The details of oral cancer screening

A thorough exam reinforces importance of screening

By Kellie Kennedy, RDH, BS

How carefully are you screening for oral cancer with each patient? Do you know that each day 100 new cases of oral cancer will be diagnosed in the United States, and one person every hour of every day will die from it?1 In addition, an increase in new cases has occurred among populations such as nonsmoking men and women under 50 years old who have not typically been at risk in the past. New research has surfaced in the last five years that provides compelling evidence for certain variants of the human papillomavirus (HPV) as a causative agent, joining tobacco, alcohol, sun exposure, and diet as the risk factors associated with new oral cancer cases.2

Considering these alarming revelations, the role of the dental hygienist in oral cancer-related patient education and examinations is more vital than ever.

-------------------------------------------------

Consider reading these articles

-------------------------------------------------

Data collected between 2008 and 2011 seem to indicate that oral cancer is on the rise, more aggressively among populations that have not historically been impacted by the disease.

In addition, this data shows that the instances of the disease within the oral environment has shifted from cases associated with tobacco and alcohol (the anterior of the mouth) to the posterior of the oral cavity, which is associated with cases caused by HPV type 16.3 This indicates a dramatic departure from historical data. From a dental hygiene perspective, this switch has real-world implications for screening and patient education.

Oral-health professionals have an obligation to patients to educate them about the very real threat of oral cancer, helping them understand that screening for oral cancer is as important as cervical, prostate, or breast cancer screenings.

Primary risk factors

The National Institute of Dental and Craniofacial Research cites the five most common contributors to oral cancers as:

  1. Tobacco and alcohol use. Most cases of oral cancer are linked to cigarette smoking, heavy alcohol use, or the use of both tobacco and alcohol together. Using tobacco plus alcohol poses a much greater risk than using either substance alone.
  2. Infection with the sexually transmitted human papillomavirus (specifically the HPV 16 type) has been linked to a subset of oral cancers at any age.
  3. Risk increases with age. Oral cancer most often occurs in people over the age of 40.
  4. Cancer of the lip can be caused by sun exposure.
  5. A diet low in fruits and vegetables may play a role in oral cancer development.

Dental hygienists are trained to see or feel the precursor tissue changes or the actual cancer while it is still at a very early stage.4 Oral-health providers can emphasize awareness of frequent, normal tissue changes in the mouth. Patients need to be aware of any changes that they notice or feel in their mouths and to inform dental hygienists if they notice something that is not healing or lasting longer than a two-week period.5 It is critical to know how to conduct the intraoral and extraoral examinations thoroughly, what early cancerous lesions may look like, and what the next steps are when a suspicious lesion is located.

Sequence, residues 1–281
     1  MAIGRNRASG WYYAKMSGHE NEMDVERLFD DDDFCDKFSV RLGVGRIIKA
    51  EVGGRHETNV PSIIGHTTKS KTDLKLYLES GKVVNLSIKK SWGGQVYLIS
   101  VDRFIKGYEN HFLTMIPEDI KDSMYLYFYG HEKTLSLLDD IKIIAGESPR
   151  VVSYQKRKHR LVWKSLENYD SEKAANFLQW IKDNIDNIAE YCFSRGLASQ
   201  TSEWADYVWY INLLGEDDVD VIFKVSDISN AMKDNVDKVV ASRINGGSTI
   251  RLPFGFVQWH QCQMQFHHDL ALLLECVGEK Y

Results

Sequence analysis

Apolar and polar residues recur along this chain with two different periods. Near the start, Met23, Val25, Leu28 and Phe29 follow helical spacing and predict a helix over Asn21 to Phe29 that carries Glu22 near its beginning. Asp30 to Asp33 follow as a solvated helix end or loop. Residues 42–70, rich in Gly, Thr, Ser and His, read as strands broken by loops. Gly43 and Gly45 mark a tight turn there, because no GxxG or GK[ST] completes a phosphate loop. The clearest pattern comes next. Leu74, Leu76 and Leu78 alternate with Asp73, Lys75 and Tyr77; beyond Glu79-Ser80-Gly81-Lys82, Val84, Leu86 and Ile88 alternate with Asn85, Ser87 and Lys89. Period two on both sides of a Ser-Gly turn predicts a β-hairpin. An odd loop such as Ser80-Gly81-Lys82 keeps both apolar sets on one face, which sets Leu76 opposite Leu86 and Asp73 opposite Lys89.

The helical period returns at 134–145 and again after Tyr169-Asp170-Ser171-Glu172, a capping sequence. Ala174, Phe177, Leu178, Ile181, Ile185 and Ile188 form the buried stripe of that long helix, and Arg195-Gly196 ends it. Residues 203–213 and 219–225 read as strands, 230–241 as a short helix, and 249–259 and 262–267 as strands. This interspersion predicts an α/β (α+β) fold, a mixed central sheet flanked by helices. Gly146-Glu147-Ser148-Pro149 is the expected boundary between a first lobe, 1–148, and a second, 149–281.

A thorough oral cancer exam can take just minutes with your patient in the chair, but needs to be visual and tactile. "Patient positioning, optimum lighting, and effective retractions for accessibility and visibility contribute to the accuracy and completeness."6 Bilateral palpations are a must. Some clinicians also use additional devices to do the exam. They can aid in the thoroughness and visualizing areas of suspicion, but are not a substitute for a tactile and correct visual screening.7

The sequence of the examination presented below is adapted from "Detecting Oral Cancer" by the National Institutes of Health. The examination is conducted with the patient seated. Any intraoral prostheses are removed before starting. The extraoral and perioral tissues are examined first, followed by the intraoral tissues. Keep in mind when doing an oral cancer screening, tobacco and alcohol associated cancers are mostly found on the anterior regions of the mouth and lateral borders of the tongue. HPV16 related oral cancers can be found on the posterior sites of the oral cavity, the oropharynx, the tonsils, and the base of tongue areas.4

To view images, please click here.

The extraoral examination

  • Face: The extraoral assessment includes inspection of the face, head, and neck. Note any asymmetry or changes on the skin such as crusts, fissuring, growths, and/or color change. The regional lymph node areas are bilaterally palpated to detect any enlarged nodes. If enlargement is detected, the examiner should determine the mobility and consistency of the nodes. A recommended order of examination includes the preauricular, submandibular, anterior cervical, posterior auricular, and posterior cervical regions.

Perioral and intraoral soft tissue examination

The perioral and intraoral examination procedure follows a seven-step, systematic assessment of the lips; labial mucosa and sulcus; commissures, buccal mucosa and sulcus; gingiva and alveolar ridge; tongue; floor of the mouth; and hard and soft palates.

  • Lips: Begin examination by observing the lips with the patient's mouth both closed and open. Note the color, texture, and any surface abnormalities of the upper and lower vermilion borders.